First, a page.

• certain notions of rationality, measurement, cost-benefit analysis and utility dominate.

This signifies a huge shift in the ways we humans now understand ourselves, our lives, the planet, our future, our biographic life course, the things that matter, and the ways we live.

We will consider questions like the following:

• why should economics be of interest to us?
• How much choice do you have in participating in the economy?
• how does ‘the economy’ impact directly on your life?
• How does the Australian economy compare to others?
• What role should governments play in intervening in the economy and how?
• Should governments try to reduce inequalities, and if so by how much and through what means?

This course introduces economics to students studying first year in the following degree programs: Social Work; Psychology; Policy and Research; Environment; Planning; Legal and Dispute Studies.

Economics is a necessary course to understand for all these degrees. Our view is that when you graduate from RMIT – whichever degree program you have completed in the School – you will need to work in a context shaped by economics and economists. To engage in the debate, to be credible and be heard, you will need to know something of the common assumptions, language and analytical priorities of mainstream economists.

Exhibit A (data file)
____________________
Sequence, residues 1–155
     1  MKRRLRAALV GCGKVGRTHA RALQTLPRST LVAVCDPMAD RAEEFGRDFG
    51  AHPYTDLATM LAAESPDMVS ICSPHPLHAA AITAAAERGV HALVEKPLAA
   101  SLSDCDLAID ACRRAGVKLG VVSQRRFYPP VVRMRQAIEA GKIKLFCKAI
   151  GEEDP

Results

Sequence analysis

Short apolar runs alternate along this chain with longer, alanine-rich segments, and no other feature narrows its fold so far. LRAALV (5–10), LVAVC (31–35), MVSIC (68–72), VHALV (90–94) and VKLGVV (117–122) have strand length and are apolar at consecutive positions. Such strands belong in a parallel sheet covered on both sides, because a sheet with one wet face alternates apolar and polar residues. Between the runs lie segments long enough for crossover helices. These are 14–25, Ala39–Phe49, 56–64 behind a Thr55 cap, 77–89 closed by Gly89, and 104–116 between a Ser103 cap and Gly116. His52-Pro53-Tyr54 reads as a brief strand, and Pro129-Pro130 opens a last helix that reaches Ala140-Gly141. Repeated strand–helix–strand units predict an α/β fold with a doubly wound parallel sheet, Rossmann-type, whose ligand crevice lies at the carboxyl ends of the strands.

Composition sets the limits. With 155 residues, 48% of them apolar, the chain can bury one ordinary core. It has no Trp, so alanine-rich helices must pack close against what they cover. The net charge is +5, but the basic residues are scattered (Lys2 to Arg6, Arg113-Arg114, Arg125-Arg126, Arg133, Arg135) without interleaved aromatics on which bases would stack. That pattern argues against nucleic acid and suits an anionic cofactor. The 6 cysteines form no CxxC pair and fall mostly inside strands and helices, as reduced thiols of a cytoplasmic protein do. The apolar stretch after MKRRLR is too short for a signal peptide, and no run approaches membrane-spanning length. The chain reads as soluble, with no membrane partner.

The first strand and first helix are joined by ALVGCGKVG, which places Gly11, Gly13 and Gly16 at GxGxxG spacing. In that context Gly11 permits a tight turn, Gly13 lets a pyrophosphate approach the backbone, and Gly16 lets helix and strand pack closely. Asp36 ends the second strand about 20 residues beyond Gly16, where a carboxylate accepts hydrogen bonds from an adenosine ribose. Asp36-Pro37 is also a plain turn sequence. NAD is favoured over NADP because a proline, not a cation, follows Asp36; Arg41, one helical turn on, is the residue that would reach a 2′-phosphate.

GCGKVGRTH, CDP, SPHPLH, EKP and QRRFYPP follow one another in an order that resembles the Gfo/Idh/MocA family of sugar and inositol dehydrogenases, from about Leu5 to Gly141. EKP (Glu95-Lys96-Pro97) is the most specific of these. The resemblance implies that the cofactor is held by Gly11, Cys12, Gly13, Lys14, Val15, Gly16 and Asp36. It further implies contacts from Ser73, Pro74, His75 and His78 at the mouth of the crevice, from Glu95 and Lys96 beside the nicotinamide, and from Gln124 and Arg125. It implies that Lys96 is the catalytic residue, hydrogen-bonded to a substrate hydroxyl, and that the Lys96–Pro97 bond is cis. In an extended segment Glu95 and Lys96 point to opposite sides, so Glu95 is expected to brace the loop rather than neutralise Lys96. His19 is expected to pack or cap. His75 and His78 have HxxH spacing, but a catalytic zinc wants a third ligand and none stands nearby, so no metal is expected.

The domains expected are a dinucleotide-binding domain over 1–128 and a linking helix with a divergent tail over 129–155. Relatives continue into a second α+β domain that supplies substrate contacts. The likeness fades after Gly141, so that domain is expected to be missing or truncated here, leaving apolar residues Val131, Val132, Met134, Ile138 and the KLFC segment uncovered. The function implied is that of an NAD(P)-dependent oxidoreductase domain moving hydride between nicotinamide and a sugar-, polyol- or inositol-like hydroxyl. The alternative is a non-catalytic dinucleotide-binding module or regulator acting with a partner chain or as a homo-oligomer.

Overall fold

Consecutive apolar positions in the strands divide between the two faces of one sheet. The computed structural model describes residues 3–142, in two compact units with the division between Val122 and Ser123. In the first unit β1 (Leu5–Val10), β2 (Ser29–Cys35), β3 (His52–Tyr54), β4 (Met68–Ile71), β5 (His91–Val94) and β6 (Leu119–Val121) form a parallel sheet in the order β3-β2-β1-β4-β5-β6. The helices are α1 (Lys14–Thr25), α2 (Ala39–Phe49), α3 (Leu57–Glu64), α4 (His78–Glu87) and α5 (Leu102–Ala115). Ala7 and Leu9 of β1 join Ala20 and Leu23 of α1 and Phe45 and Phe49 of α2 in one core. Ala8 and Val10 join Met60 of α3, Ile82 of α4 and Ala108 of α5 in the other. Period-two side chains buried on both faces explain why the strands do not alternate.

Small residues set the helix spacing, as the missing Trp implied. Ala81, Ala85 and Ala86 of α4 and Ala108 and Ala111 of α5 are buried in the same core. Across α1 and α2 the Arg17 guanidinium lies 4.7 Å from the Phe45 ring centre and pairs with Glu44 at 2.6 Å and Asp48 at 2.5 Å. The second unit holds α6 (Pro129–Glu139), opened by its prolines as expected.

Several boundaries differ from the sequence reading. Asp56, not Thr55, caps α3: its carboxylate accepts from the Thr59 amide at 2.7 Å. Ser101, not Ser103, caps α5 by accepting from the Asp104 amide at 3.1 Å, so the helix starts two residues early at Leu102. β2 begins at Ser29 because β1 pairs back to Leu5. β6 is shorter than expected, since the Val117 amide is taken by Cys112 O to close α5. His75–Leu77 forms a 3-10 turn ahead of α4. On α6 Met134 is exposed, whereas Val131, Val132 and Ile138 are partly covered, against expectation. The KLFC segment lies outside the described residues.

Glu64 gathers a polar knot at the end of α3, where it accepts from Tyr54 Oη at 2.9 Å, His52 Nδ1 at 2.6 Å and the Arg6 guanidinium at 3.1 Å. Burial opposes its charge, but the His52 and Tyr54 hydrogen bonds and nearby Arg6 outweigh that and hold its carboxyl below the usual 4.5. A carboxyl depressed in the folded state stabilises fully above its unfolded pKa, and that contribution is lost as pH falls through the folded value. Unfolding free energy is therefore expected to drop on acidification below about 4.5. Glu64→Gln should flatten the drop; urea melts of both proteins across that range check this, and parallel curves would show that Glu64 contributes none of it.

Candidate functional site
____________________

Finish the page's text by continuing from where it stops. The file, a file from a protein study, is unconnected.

These days you will find it almost impossible to avoid key economic ideas like ‘market forces’, ‘budgets’, ‘costs’, ‘trade-offs’, ‘incentives’ and ‘efficiency’. This is true whether you end up working as a social worker, a psychologist or counsellor, a policy researcher, an environmental policy-maker or activist, an urban planner, or working in a legal context.

Hence, the design of this course reflects our commitment to enlarge your understanding of the world, beyond the specialised professional program that has brought you to this university. We can promise you an exciting and thought-provoking experience over the next 12 weeks.

The course is taught in a way which makes direct connections to each of the different degree programs.

All tutorials will be program specific except for the Culturally and Linguistically Diverse (CALD) tutorial.

In this course we explore a number of key questions:

• What is economics about?
• Why is economics a social science?
• What kind of issues preoccupy economists?
• Why do economic ideas matter?
• How is economics related to social, political and environmental issues?
• How adequate are economists’ accounts of human conduct, human needs and how those needs are best satisfied?

Objectives/Learning Outcomes/Capability Development